Monday, January 6, 2014

The World of Faeries, from author Lionrhod

I would like to share this very interesting folklore information about Faeries gathered by Fantasy/Wiccan writer Lionrhod, who is writing a series titled Witches Gates Saga.  The first book, available now as an ebook on Amazon, is titled Dark Moon Gates.  Please enjoy this provocative explanation of the world of Faeries.

The forest is dark, brooding. You had not meant to be alone on this trail. Your journey home was delayed till a late hour, and now you regret leaving the comfort of the inn's warm hearth.

Empty tree branches rattle and sigh, and the moon provides your only light, limning a path between trunks. Tales are told of this forest, and of the moors that encircle it. Travelers who never made it to their destination. Of those few who did return, years after they set out. And invariably changed and strange.

Then in the distance you see a flicker of light. You quicken your pace, hoping it is from a cottage, or at very least, a camp where a kind traveler might allow you to share the warmth and light of their fire.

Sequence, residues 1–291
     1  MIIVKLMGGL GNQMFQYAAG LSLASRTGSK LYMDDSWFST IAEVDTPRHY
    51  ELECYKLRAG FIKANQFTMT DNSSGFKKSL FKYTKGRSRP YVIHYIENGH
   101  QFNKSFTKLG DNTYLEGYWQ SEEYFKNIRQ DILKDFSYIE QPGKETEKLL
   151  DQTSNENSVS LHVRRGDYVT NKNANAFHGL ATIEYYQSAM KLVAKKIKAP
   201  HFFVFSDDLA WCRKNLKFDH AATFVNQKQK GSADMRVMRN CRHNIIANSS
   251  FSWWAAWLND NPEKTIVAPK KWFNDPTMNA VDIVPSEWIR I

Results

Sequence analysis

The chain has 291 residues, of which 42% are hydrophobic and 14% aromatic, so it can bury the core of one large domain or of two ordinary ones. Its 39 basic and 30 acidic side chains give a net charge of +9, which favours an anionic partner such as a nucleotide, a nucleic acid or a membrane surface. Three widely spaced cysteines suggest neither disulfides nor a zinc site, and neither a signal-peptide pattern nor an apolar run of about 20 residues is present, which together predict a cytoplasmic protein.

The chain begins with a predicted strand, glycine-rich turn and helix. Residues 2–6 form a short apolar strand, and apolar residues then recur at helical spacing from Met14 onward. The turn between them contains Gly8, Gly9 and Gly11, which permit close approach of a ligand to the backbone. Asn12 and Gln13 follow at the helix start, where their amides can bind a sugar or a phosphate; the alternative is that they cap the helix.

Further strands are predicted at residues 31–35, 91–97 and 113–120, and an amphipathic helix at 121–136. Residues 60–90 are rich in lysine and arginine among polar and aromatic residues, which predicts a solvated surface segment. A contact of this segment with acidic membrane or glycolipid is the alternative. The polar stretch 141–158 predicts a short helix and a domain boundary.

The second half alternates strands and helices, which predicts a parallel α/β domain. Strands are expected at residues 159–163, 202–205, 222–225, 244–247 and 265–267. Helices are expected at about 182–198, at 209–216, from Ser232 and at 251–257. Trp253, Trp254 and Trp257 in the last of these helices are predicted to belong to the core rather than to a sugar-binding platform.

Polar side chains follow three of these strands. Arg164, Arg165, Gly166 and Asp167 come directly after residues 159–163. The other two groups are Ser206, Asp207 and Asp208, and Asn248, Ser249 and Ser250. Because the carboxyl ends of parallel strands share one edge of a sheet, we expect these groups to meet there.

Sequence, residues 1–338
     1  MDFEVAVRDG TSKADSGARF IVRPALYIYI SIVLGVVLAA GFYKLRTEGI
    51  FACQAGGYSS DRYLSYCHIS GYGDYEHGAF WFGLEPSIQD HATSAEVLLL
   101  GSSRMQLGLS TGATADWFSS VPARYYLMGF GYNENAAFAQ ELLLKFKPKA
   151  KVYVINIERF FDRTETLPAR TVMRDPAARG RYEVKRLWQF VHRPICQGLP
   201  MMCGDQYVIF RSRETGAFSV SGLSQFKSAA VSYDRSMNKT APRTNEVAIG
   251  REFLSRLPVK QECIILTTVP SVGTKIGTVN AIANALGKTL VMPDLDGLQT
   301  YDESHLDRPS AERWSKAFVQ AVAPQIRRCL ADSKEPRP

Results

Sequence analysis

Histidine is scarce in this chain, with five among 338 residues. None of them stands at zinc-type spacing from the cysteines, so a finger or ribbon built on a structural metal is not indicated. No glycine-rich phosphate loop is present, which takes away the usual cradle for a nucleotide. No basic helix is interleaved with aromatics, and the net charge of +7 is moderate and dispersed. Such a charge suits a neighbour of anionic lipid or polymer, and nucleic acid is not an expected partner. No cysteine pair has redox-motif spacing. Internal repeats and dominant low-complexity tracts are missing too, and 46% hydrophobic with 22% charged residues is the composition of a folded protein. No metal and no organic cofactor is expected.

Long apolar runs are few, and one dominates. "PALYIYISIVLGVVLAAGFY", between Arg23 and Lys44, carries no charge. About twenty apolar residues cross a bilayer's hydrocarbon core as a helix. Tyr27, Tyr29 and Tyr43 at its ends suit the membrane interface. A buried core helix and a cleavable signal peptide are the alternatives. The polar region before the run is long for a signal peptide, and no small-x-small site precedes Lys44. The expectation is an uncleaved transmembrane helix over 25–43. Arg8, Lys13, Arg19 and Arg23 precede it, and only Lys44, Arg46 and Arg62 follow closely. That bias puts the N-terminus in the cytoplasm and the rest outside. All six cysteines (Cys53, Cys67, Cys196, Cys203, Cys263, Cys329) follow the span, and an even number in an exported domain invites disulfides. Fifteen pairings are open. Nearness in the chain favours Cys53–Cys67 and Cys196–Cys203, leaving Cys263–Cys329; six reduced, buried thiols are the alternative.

Now, above the sound of your own harsh breathing and the crunch of leaves underfoot, you hear the thready notes of a flute and the beat of a drum. Yes, a campfire. The wind brings you a scent of smoke and roasting venison and your belly groans and gurgles with hunger. You hasten closer.

In the clearing ahead, several bodies sway and move to pounding beat and skirling tune. It is like no music, like no dance you have ever heard or seen before. Primal and ethereal all at once.

You halt at the edge of the trees, taking in the sight of the the folk. Tall and lithe and beautiful, but with an otherness to their features. And does that one have...horns? They seem to capture the light of fire and moon, glowing almost from within.

The storytellers' tales come back to you and fear lances your heart. Yet your feet continue forward, as if willed by something other than you. Fighting your own body, you step from the trees.

And the clearing is plunged into darkness.